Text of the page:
In what seems a long time ago, I wrote a post about the Jewish community’s ‘in-the-box-thinking.’ As a novice to the blogging world, I feared the worst because it was the first time I shared my dissatisfaction about how my local Jewish community was functioning.
Well, sometimes the blogosphere can be eerily silent. I didn’t receive a single comment or e-mail about it (though who did I think was possibly reading my blog anyway???)
Helping teens figure out their connection to the Jewish community and general direction in life is a worthy goal for those of us in the Jewish communal world. After all, if we don’t clarify our mission, we’re like a broken compass. No directional pull, no navigational tools–just spinning like crazy.
So, I’d like to create a short wish list for what I’d love to see happen in the Jewish community.
These things would help teens navigate better:
1. Define the Alphabet Soup. Ready? Do you know the differences between the JCC, JFCS, JCRC, JFGP. Great. Do you think our teens do? How about AIPAC, ZOA, or AJC? Wait, it gets more complicated, how about these fundraising organizations: AFMDA, FIDF, AFHU? Or these viable options for semester abroad programs in Israel: EIE, TRY, MUSS? Well, you can see the challenge. We either could use an app, or a catch-all portal to make all this accessible and understandable. Whether we agree with an organization’s politics or not, Jewish life should be approachable. Doing this one thing could prompt all kinds of things, from learning the scope of needs the Jewish community deals with, to seeing how responsive the Jewish community is, to thinking of Jewish jobs beyond the synagogue.
2. Invite a teen to sit on a committee where communal activities are discussed. How can we get our teens invested in the future of a community in which they are not real stakeholders? I’m not talking about teen versions of funding and allocations committees, who do a great job of getting teens involved in what it takes to raise money and make decisions about where it goes. I mean positions at the table. It’s called influence. Teens know and appreciate when they ‘re offered it and when they have it.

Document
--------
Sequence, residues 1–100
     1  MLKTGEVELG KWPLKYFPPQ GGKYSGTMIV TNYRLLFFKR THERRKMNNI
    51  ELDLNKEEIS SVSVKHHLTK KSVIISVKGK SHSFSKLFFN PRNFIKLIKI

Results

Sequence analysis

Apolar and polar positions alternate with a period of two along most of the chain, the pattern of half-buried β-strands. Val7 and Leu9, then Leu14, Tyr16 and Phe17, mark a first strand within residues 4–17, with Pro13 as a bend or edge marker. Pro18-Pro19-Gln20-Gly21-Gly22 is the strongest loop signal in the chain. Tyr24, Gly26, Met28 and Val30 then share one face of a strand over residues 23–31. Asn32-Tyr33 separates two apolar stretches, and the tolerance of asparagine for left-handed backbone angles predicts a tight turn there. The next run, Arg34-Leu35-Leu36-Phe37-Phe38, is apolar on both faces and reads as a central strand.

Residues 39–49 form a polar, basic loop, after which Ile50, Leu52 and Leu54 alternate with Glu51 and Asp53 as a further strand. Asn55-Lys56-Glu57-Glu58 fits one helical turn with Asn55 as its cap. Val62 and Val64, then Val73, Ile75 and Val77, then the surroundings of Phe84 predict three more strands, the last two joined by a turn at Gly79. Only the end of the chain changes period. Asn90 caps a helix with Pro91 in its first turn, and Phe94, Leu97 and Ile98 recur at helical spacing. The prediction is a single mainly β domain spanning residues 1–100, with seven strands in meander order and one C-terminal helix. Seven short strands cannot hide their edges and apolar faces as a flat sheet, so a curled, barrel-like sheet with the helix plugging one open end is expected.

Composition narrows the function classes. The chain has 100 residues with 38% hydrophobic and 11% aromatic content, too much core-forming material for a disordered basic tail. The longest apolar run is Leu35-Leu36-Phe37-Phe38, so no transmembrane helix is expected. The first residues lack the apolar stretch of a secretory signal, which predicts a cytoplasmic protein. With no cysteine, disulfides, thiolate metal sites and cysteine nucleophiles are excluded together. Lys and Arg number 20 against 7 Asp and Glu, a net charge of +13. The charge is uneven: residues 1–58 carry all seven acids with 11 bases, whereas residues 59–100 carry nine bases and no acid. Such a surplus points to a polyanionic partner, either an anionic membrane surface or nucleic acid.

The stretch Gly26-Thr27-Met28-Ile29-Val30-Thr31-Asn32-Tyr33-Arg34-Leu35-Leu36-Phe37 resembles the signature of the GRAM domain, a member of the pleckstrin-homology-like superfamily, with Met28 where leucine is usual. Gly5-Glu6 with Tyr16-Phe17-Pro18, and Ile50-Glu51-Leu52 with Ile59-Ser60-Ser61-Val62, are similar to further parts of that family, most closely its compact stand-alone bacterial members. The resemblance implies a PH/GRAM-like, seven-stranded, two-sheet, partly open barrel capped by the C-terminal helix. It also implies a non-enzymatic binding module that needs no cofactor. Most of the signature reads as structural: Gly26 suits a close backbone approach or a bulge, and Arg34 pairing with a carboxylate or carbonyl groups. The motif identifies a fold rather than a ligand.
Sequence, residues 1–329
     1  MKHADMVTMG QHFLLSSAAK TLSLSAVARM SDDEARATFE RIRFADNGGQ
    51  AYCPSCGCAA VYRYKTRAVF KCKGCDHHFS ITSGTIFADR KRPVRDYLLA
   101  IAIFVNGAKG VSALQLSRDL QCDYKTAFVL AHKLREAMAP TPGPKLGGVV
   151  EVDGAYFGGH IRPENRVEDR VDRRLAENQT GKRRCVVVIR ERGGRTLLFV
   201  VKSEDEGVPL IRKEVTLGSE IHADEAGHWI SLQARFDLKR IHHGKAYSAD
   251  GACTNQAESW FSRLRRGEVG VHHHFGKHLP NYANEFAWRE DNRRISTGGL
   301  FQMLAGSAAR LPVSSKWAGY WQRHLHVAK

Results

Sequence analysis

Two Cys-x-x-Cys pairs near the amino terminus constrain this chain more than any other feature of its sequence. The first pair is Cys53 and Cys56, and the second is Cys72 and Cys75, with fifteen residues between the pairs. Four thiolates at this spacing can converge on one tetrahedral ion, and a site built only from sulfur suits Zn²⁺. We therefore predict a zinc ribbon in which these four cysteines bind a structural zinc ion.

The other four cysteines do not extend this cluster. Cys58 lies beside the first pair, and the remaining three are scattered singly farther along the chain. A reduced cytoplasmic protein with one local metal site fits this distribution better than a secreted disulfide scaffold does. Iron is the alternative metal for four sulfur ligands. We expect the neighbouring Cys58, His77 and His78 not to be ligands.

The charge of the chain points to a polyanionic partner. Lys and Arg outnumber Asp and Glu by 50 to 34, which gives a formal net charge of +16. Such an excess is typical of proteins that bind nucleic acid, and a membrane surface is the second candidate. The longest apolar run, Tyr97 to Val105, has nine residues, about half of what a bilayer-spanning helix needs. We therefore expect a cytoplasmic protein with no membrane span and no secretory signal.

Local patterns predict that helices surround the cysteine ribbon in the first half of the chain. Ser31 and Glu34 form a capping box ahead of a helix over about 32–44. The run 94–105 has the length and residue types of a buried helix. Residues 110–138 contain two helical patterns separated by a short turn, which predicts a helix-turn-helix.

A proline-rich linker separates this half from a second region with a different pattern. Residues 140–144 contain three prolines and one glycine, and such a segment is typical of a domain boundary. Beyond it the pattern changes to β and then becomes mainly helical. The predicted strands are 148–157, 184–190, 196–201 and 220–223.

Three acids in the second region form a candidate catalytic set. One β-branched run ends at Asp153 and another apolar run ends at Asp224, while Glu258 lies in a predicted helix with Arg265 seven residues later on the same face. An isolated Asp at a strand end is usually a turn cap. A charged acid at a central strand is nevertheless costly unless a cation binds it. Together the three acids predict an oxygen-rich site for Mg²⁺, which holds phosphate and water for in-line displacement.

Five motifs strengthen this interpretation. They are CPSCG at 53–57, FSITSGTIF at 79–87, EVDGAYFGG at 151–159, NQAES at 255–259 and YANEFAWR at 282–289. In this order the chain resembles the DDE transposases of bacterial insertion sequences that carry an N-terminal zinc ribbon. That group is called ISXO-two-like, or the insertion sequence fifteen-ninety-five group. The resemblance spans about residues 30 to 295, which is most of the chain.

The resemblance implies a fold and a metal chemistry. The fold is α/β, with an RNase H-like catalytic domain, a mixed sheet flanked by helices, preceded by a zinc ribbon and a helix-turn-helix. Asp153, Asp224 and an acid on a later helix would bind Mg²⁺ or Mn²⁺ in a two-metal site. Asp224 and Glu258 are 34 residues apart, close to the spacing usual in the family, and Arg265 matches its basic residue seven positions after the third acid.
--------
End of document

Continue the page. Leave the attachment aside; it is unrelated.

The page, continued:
3. Match Jewish teens with Jewish professionals in the field who can give them a sense of what it means to work in the community. Their knowledge of professional positions in the Jewish community is limited to perhaps these careers: Rabbi, Cantor, Education Director, Youth Advisor, and Teacher. BUT they won’t have an idea that an interest in business, management, marketing, or any number of other careers may find a place in the Jewish community. There are teen mentorship programs that are for a select few, but we need to think broad and wide. There are many teens who are unaware of the many job opportunities in the Jewish communal world. Here, I’m not focused on the dentist or lawyer who happens to be Jewish. I’m specifically talking about connecting teens with Jewish professionals. Again, does our mission match our actions? We want Jewish leaders….how are we growing them?
4. Most Jewish students don’t have a clue about what the local Jewish community near their college campus has to offer, and don’t have a way of connecting with it for jobs, internships, mentorships, etc. College internships. Somehow, we leave the college population to Birthright, Hillels and Chabad, and less visible, Meor and Aish. Yet, students are looking for real life experiences. Jewish communal organizations should do recruiting on campus. In a time where extra staffing is needed, we can provide teens with the job experiences they need.
Let’s stop the spinning and begin to help teens navigate.
image courtesy of pds photostream
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